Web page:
Before 2003, generic versions of ARVs were not available in South Africa, which meant that the vast majority of the population could not afford the drugs. After a 2003 TAC victory in court, generic ARVs became available, giving many people their lives back.
Noncedo, a TAC volunteer, says she tested HIV positive in 2001. Her doctor told her mother that she was going to die because treatment was not available. Today, she takes ARVs and lives a normal active life.
Many TAC volunteers are HIV-positive themselves, and they are passionate about education, prevention, and affordable treatment. They say they are holding their government accountable to the Bill of Rights, and they demand changes in the way the HIV/AIDS epidemic is being handled.
President Mbeki has long had a controversial stance on the issue. He has made statements doubting both that HIV and AIDS are connected and that HIV is sexually transmitted, despite overwhelming scientific evidence to the contrary. His health minister, Manto Tshabalala-Msimang, has also made questionable assertions about the value of good nutrition to treat HIV instead of ARVs.
As a result, many South Africans do not know what to think. And they are scared.
Criticism against the government is a sensitive topic here. The ANC dominates the government with more than 65 percent of the seats in Parliament and is held in high esteem for ending apartheid by most poor South Africans. "This is the movement that liberated them," says TAC field worker Mandla Majola. "If they stand up against the ANC, they betray."
And yet the ANC led government is falling short of its responsibilities, according to Majola, who says it is time now to ask the liberation movement new questions: "Yes, we can blame apartheid, but what are you doing as the present government?"
Majola says the government first needs to address the inequality that fuels the epidemic. He compares the differences in treatment for a black person living in Khayelitsha to a white person in Camps Bay, a wealthy Cape Town suburb. "These are two different worlds," he says.
The current de facto segregation is a vestige of the de jure segregation under the apartheid system. Majola says that a black person with HIV in Khayelitsha must live in a cold, leaky shack, go outside to get water and use unsanitary community bathrooms, while a white person in Camps Bay lives in a warm, dry house with abundant fresh food and water, sanitary waste disposal and much more. In Khayelitsha, one water tap serves 500 shacks, whereas in Camps Bay a single house may have up to 13.
"These are realities that affect us. They affect our health, our well being," says
But the HIV/AIDS epidemic in South Africa is not just fueled by poverty and inequality—it is also propelled by neglect and denial.
"Many people have died because of denialism," says Majola.
The problem starts with widespread popular ignorance about the epidemic, according to the TAC activist. Public education about HIV/AIDS only came about in the late 1990s after the problem had reached labor-force threatening proportions. At that point, many people had still not heard about AIDS, and those who had often held views at odds with the international scientific consensus. Mixed signals from the government only made things worse. "I came across the word AIDS in 1998," says Majola.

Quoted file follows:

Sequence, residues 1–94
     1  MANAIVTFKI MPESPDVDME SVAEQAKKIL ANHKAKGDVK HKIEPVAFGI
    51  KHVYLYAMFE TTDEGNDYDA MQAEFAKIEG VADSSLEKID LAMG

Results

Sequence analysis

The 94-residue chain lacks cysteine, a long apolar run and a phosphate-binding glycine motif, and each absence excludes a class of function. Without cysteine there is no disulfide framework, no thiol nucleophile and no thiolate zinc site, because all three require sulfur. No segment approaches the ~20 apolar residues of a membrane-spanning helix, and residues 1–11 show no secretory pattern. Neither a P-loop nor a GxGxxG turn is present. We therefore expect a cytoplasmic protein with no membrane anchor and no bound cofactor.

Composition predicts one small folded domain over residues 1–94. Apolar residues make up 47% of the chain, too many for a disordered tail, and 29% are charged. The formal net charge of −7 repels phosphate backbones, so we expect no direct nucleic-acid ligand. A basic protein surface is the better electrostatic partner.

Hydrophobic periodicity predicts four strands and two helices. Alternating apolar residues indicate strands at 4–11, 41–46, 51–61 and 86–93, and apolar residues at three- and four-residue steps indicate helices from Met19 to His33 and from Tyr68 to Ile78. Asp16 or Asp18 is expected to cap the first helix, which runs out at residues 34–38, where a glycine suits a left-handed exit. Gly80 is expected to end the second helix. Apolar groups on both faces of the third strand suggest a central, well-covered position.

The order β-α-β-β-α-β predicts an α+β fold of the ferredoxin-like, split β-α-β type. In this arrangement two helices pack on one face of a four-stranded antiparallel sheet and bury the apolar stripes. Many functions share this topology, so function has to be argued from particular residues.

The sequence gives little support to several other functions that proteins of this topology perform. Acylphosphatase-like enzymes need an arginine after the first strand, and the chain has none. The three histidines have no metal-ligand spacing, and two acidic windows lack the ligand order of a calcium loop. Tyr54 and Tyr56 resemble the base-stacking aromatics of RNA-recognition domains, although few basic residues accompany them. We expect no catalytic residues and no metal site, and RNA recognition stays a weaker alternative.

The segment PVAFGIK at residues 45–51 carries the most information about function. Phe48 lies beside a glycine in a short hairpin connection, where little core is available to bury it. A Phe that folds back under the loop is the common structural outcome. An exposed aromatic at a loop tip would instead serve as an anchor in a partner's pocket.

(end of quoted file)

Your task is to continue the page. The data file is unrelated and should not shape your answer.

In 1999, when his aunt died, Majola discovered a letter that revealed she had been HIV-positive. The next year Majola learned he, too, was HIV-positive. It was not easy to accept this, but he says he had to: "You can't run away from it. It's like the pigment of your skin. You accept it."
Majola says he dealt with his status by asking himself what he could do to help fight the epidemic rather than getting frustrated and blaming others. Like many TAC volunteers, he dedicated himself to educating others. "In a way it was a blow, but I took it in a positive way. I have HIV," he says.
Majola, Zeldah, and Noncedo, among others receiving ARV treatment through MSF and TAC, say they find the messages from the government counter productive and dangerous.
Adding to the confusion, the California-based Rath Foundation, headed by Dr. Matthias Rath, a German-born physician who promotes intensive vitamin therapy as an alternative to ARVs to treat HIV/AIDS, has begun to play a prominent role in ANC policymaking circles. In Khayelitsha clinics and TAC offices, the mere mention of Dr. Rath's name makes people's hair stand on end. One woman shakes her head in anger; another scoffs with a bitter laugh.
"That man is killing people," says Majola. "That man is confusing people, and it is causing unnecessary death."
Rath claims that ARVs, especially zidovudine (AZT), are toxic. He insists that the key to fighting HIV/AIDS is good nutrition using vitamins he produces and markets. He has also launched a smear campaign against the TAC, say TAC leaders.
Adding to the confusion, President Mbeki and Tshabalala-Msimang have publicly cast doubt on ARV treatment, and neither has denounced Rath's claims despite a consensus in the medical community against his approach. The upshot is that many South Africans find themselves wondering who to believe—their government and Dr. Rath, or the medical community and the TAC.
For her part, Zeldah says that she is alive today because of ARV treatment, and she is not alone in feeling optimistic, despite the odds against her. "We have defeated apartheid," says Majola. "We will defeat AIDS. Rest assured."